Beans's Reviews > A Canticle for Liebowitz

A Canticle for Liebowitz by Walter M. Miller Jr.
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Jun 12, 2012

really liked it

When I read this description of this book, I immediately thought of Neal Stephenson's Anathem, which is probably my favorite piece of fiction (or at least among my top two or three favorites) I've read in the past year or so. While the long game of this book was unlike anything I'd ever read, and was really interesting, I wanted more details about the individual time periods and characters (even though that wasn't the point - but I wanted questions like, who was Emily and what was behind hatch 2? answered - or for that matter, the old guy with the burlap, and what else was in the Memorabilia) - which I think spoke to the world-building. I'm also a total sucker for post-apocalyptic/nuclear scenarios, and it was especially interesting to read something written at the time when the end of the Cold War was nowhere in sight (in that respect it reminded me a fair amount of Alas, Babylon, which was kind of weirdly one of my favorite books for a long time when I was 12 or 13). Also super cool and hilarious - Miller's image of a post-apocalyptic reconstructed-human-knowledge computer.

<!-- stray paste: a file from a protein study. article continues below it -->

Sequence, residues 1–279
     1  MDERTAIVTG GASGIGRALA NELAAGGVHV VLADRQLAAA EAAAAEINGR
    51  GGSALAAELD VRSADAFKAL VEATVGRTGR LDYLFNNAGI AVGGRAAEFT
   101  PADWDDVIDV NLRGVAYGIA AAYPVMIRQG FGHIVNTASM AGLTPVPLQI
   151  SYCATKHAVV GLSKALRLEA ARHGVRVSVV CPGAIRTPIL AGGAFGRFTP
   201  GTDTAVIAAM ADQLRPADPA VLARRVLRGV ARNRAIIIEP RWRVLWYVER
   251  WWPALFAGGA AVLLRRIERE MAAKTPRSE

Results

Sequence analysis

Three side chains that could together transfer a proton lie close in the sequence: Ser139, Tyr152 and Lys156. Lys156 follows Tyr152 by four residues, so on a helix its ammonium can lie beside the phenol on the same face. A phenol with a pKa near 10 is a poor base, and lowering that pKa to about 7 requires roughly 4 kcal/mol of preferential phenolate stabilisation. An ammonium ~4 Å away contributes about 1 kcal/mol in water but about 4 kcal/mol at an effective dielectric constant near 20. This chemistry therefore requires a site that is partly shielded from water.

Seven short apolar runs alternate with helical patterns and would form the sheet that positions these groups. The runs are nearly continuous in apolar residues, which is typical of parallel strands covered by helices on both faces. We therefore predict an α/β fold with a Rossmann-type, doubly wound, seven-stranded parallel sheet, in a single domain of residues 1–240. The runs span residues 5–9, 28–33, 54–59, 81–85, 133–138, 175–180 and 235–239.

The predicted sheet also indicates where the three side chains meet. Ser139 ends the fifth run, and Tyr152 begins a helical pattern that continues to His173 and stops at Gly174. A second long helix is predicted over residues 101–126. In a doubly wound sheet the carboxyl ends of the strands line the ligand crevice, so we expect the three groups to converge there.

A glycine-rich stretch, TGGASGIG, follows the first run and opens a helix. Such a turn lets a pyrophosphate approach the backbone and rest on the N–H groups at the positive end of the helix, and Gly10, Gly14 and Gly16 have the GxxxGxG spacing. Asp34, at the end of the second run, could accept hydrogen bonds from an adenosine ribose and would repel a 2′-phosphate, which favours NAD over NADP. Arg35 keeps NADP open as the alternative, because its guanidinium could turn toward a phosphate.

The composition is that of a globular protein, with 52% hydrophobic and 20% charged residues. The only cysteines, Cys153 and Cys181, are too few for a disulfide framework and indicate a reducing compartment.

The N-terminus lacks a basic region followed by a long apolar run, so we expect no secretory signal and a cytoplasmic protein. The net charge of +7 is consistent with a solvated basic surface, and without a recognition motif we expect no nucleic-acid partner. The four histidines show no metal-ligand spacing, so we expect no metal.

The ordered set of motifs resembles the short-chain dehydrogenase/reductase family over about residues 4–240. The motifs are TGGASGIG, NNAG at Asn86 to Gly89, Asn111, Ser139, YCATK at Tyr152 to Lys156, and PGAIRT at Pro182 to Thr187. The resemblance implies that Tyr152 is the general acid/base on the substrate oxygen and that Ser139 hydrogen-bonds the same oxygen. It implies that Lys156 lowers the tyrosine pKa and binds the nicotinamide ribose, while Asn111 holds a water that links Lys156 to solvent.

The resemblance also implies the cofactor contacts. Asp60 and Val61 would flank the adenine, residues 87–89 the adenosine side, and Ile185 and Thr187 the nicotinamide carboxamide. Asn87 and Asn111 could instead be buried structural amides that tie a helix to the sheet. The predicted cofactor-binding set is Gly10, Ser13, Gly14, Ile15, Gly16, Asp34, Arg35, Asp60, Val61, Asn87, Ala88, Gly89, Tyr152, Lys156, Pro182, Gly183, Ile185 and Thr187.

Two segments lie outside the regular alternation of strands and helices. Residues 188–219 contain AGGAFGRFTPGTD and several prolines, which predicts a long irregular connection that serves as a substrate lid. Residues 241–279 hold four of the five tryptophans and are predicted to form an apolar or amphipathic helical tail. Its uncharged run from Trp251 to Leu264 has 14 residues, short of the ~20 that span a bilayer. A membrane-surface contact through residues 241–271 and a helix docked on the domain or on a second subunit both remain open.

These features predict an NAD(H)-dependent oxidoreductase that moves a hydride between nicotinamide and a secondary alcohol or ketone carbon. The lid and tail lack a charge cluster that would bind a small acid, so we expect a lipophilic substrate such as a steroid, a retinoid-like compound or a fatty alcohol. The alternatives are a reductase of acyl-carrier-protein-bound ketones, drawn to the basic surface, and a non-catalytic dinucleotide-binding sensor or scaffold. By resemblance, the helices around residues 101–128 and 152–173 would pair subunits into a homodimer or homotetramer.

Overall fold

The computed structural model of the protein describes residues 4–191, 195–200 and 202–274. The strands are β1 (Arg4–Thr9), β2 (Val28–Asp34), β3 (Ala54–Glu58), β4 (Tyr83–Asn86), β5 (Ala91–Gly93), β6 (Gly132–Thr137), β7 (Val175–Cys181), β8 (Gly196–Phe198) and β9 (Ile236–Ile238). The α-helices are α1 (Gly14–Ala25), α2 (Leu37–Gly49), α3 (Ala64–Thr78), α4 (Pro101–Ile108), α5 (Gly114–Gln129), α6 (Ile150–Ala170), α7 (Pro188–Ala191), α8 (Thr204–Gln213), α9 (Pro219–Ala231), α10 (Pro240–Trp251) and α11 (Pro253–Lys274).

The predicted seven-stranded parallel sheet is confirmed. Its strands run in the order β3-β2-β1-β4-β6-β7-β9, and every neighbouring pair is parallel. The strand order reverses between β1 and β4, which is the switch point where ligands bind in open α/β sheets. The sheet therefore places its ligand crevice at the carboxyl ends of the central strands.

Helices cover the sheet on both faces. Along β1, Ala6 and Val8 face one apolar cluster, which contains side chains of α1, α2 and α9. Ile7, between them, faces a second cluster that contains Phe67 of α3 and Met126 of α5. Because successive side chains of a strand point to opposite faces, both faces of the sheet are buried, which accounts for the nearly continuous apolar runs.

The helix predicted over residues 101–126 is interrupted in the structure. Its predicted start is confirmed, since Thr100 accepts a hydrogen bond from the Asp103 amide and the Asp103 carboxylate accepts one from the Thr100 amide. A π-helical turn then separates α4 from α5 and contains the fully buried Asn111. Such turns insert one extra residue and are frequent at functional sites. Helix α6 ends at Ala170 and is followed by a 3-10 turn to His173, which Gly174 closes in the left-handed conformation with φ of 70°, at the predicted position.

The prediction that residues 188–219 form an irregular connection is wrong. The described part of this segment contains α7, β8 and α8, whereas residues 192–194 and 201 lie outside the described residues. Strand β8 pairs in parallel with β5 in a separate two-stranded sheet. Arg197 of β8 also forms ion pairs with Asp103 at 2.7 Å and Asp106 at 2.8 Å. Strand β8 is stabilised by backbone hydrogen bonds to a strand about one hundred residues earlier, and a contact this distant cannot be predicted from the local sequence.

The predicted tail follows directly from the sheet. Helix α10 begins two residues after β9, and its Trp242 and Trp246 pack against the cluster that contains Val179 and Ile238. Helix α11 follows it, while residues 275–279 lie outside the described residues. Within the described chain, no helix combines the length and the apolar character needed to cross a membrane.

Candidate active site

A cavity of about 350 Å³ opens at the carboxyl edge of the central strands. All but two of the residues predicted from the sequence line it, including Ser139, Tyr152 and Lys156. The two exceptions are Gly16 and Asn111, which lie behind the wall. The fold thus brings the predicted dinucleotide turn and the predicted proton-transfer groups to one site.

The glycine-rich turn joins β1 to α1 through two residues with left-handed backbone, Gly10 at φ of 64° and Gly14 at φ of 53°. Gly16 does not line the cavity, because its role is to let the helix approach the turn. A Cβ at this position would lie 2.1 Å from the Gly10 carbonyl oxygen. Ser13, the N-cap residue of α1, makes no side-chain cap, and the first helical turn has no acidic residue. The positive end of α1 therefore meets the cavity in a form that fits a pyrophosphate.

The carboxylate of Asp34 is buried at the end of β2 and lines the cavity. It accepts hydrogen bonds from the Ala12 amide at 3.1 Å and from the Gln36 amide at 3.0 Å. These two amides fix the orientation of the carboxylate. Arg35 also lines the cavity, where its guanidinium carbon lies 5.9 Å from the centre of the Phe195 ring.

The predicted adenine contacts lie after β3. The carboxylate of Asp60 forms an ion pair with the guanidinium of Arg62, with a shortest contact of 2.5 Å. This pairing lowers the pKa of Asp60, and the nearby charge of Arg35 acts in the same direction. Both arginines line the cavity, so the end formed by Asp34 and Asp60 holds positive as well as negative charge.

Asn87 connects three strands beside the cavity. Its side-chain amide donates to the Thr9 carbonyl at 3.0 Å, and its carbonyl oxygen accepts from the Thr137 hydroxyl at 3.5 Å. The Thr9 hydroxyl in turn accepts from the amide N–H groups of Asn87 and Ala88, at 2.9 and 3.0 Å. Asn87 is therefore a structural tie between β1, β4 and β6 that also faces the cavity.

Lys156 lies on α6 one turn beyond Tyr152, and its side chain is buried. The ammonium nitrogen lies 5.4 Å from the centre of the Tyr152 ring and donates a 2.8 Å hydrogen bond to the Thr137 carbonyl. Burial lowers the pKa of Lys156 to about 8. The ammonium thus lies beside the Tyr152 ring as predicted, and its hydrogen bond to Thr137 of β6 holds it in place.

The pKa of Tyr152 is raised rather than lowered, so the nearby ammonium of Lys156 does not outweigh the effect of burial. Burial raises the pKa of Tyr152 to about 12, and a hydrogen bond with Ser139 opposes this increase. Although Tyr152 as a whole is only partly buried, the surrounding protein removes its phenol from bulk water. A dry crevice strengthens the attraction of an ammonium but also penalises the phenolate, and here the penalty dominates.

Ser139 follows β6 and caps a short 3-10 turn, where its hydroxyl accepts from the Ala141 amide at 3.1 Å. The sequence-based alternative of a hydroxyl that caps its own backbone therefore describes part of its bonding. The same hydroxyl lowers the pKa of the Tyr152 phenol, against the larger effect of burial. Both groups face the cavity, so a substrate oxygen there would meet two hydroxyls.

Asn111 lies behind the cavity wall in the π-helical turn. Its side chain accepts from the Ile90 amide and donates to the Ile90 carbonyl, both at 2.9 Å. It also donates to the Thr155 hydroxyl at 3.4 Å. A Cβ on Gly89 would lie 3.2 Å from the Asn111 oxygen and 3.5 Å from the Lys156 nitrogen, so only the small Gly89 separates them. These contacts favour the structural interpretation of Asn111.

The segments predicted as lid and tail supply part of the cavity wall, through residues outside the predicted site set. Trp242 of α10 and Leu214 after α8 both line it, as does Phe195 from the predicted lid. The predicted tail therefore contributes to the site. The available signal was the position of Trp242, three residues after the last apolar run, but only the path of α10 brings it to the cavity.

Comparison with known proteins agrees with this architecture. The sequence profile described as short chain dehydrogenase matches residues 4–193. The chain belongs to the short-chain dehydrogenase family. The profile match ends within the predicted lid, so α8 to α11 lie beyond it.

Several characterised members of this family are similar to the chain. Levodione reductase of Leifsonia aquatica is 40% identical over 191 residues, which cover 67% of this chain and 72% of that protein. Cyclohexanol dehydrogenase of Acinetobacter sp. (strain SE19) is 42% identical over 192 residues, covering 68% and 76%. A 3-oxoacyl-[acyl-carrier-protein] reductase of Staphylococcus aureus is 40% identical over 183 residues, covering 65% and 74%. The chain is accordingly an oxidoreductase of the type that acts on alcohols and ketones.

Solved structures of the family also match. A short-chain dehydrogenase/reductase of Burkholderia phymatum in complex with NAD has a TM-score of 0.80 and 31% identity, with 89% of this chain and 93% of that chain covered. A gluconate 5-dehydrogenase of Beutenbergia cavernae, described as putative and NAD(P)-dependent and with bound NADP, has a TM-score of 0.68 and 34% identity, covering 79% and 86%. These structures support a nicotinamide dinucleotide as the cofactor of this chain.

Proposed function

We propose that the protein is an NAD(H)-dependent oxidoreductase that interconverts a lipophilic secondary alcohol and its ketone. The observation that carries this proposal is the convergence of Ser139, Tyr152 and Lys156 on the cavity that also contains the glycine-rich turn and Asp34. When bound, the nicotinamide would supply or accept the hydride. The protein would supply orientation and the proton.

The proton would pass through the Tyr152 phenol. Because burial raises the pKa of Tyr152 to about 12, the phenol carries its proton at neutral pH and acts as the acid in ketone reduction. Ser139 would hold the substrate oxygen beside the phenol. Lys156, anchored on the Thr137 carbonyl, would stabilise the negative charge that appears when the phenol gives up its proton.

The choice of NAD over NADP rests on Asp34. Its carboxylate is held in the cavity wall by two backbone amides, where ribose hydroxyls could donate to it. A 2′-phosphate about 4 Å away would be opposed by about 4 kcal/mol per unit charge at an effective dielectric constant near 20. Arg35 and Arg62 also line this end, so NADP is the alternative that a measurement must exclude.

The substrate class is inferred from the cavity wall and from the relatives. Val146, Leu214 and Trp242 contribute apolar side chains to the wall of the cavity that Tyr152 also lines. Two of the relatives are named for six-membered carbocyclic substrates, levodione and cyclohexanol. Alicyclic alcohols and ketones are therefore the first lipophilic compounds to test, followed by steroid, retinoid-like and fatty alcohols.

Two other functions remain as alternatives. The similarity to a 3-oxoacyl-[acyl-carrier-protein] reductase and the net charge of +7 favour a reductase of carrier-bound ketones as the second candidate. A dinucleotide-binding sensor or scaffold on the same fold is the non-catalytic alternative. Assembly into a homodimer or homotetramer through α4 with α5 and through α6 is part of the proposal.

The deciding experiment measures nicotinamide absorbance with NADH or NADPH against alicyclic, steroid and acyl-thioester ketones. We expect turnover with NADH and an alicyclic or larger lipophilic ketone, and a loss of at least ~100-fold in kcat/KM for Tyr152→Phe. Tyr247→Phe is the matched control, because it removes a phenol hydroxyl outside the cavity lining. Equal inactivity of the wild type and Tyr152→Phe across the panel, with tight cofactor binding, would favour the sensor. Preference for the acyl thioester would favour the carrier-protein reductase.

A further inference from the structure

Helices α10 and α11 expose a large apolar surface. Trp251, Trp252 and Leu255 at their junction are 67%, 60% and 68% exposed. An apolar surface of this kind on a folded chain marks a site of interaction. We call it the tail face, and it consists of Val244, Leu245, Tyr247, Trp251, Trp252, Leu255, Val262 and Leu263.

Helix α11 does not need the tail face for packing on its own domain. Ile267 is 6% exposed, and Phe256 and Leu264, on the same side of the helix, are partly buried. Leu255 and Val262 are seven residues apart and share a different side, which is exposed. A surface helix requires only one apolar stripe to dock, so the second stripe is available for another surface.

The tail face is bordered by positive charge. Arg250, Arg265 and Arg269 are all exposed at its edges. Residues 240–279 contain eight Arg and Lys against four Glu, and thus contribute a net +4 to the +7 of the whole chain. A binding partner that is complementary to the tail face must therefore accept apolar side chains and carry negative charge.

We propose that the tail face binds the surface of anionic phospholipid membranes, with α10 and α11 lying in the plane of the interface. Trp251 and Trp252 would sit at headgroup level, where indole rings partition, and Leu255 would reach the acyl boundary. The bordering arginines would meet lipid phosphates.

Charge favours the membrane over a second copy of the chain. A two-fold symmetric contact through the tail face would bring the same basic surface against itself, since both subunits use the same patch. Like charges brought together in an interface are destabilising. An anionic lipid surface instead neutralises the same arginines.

The total lack of female characters (except for Emily and Mrs Grales/Rachel) was, of course, infuriating, but I went into this with the expectation that a sci-fi novel about monks written in 1959 was very, very unlikely to pass the Bechdel test.

Also, I feel like I probably missed a lot, since I wasn't really looking for subtle meanings or anything - and because my Latin is a little rusty (aka non-existant). But I still really enjoyed reading this without the intent to analyze it as capital L Literature and was bummed to have it come to an end. And now I want to reread Anathem.
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